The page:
North Sea oil workers are preparing to walk out for the second time in just over a week, as the embattled sector continues to struggle amid stubbornly low oil prices.
Workers will go on strike for 48 hours on 4 August, as part of an ongoing dispute over changes to wages and shift patterns which has pitted trade unions Unite and RMT against oil services firm Wood Group.
Output on the affected platforms, which are all owned by Royal Dutch Shell, have not yet been affected.
Oil workers downed their tools for the first time in a generation last week, after mediation efforts between the unions and Wood Group failed.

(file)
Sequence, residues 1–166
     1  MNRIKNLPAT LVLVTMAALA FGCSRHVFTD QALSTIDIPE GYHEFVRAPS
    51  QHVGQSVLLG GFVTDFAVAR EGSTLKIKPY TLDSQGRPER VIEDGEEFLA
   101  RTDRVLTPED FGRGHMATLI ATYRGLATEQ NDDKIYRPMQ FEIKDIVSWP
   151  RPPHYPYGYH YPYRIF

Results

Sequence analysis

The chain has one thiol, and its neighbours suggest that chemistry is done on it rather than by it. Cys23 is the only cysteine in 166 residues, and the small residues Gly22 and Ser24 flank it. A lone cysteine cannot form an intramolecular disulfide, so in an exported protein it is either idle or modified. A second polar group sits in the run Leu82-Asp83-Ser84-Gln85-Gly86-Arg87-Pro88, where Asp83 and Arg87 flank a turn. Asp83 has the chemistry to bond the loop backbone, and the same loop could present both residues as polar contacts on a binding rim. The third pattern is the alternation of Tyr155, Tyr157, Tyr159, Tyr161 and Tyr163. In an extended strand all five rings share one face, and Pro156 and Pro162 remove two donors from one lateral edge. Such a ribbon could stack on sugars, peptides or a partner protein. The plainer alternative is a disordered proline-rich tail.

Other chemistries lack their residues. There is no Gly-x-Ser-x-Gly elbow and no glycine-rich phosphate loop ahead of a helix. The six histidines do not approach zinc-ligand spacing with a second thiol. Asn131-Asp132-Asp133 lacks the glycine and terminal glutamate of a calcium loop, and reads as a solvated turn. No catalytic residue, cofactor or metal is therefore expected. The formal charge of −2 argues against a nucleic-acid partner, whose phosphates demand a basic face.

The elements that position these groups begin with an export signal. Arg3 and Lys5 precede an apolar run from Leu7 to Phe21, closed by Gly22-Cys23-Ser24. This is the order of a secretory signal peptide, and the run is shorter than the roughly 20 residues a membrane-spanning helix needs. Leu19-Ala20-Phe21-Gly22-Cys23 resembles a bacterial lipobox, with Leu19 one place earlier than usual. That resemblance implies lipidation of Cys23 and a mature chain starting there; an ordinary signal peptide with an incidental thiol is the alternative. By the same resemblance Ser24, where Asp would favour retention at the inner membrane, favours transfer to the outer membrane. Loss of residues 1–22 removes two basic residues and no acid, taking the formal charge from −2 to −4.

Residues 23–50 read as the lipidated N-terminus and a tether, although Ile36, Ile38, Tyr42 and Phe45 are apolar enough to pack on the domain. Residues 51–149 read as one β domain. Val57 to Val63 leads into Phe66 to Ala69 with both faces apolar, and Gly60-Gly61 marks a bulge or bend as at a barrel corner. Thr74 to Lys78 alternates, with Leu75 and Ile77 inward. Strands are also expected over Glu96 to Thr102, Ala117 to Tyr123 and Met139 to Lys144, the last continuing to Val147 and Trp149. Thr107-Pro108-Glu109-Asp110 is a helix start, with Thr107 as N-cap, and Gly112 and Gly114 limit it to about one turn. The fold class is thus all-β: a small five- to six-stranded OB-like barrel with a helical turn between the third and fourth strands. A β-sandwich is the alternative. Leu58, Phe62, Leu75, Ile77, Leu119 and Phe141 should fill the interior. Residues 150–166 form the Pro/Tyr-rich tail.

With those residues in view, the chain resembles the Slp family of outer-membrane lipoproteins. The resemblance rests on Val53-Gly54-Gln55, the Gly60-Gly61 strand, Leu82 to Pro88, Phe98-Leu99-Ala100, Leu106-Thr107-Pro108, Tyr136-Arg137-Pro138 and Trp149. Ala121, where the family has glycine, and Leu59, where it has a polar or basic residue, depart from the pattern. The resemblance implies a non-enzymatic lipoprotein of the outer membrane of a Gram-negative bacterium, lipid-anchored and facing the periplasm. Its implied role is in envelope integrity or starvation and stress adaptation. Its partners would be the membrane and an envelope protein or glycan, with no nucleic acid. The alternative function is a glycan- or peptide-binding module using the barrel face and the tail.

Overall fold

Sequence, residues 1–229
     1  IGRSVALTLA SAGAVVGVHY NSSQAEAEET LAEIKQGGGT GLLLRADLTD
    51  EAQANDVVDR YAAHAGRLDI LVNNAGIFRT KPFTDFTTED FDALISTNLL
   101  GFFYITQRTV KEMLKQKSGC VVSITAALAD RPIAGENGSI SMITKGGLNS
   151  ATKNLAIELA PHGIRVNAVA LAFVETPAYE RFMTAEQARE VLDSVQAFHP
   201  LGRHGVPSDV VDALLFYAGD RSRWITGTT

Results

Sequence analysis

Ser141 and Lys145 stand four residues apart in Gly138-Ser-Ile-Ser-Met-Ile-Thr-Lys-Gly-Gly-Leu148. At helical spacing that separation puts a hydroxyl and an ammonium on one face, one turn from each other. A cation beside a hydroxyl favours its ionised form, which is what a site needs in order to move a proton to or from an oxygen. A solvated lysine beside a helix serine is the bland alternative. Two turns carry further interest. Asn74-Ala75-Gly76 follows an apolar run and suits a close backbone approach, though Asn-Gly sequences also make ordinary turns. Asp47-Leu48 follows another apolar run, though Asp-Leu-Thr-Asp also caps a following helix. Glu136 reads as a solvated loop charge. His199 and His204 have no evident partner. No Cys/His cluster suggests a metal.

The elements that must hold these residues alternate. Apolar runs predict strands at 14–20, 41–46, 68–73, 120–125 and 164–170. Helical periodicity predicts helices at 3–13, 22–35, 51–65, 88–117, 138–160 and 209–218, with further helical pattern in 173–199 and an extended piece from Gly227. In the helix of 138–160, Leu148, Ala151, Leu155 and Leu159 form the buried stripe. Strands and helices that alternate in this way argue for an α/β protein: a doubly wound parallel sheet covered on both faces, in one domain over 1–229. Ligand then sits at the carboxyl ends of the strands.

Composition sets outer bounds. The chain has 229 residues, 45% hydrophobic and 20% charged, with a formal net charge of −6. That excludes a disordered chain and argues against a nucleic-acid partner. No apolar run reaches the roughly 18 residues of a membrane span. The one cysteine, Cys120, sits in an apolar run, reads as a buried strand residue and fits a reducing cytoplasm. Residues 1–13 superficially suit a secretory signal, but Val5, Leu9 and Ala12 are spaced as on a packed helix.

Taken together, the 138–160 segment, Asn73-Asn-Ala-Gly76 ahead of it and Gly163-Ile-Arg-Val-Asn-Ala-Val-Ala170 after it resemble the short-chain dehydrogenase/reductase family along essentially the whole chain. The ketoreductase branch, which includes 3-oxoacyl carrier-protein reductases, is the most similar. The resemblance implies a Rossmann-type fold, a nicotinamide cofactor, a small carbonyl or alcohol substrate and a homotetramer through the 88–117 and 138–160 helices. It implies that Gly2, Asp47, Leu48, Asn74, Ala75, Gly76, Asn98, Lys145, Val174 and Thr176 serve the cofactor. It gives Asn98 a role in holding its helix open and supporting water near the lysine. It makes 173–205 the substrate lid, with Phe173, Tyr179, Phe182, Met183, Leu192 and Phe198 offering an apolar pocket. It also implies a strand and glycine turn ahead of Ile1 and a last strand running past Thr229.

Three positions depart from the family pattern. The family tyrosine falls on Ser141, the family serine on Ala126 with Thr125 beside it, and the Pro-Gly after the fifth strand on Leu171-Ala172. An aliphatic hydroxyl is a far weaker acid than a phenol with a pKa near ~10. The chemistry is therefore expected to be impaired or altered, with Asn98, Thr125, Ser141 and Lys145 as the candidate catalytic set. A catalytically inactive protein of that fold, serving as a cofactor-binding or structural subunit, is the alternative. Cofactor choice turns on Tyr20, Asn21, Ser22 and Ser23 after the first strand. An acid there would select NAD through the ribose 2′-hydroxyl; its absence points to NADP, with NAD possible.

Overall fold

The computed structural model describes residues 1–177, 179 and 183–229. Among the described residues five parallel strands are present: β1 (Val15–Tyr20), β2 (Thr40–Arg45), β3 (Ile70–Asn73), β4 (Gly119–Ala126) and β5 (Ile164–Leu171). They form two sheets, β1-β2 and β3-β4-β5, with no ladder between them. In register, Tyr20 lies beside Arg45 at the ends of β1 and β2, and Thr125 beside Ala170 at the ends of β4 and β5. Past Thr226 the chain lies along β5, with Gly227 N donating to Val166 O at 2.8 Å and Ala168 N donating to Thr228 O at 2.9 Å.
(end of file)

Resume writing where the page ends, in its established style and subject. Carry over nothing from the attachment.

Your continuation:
Crude prices tumbling from more than $110 per barrel in the middle of 2014 has forced oil firms to cut costs, scale back or abandon projects and axe jobs.
A disappointing set of earnings from oil majors last week highlighted how hard it is for the industry to bounce back from this, despite oil prices recovering from a multi-year low in January to around $45 recently.
London-listed Royal Dutch Shell's second quarter profits plunged 70 per cent, as chief executive Ben van Beurden said low oil prices continued to be a "significant challenge" across the business which is trying to absorb its recent acquisition BG Group.
Its peer BP's boss Bob Dudley also blamed the commodity rout as the company suffered a 44 per cent drop in profits.